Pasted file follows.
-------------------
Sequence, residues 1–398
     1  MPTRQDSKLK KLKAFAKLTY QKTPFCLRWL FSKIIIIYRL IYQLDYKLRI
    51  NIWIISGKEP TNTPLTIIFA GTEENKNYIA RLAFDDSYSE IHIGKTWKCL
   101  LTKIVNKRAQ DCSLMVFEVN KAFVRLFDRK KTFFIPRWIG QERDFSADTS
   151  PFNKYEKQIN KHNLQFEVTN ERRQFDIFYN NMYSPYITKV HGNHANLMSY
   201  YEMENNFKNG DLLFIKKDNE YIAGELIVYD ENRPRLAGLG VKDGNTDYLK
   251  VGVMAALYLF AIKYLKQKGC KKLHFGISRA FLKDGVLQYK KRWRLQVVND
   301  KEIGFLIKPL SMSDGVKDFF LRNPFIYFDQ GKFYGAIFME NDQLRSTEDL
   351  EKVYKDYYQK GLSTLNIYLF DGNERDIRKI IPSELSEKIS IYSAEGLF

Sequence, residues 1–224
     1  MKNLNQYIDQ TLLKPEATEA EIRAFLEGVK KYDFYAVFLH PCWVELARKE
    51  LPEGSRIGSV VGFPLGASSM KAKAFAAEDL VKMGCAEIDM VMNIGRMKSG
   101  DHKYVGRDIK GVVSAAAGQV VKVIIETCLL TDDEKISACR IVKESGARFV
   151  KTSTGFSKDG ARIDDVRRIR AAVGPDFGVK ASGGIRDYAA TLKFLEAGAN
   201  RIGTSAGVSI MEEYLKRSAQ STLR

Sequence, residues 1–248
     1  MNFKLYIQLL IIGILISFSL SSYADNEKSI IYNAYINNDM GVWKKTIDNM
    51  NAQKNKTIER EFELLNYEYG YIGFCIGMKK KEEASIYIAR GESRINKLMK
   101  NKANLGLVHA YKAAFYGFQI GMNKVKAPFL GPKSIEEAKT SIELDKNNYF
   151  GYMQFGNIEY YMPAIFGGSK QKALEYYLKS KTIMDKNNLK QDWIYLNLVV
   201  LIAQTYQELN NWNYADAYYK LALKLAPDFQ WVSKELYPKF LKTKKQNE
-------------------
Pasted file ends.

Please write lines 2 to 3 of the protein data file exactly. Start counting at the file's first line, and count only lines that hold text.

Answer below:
     1  MPTRQDSKLK KLKAFAKLTY QKTPFCLRWL FSKIIIIYRL IYQLDYKLRI
    51  NIWIISGKEP TNTPLTIIFA GTEENKNYIA RLAFDDSYSE IHIGKTWKCL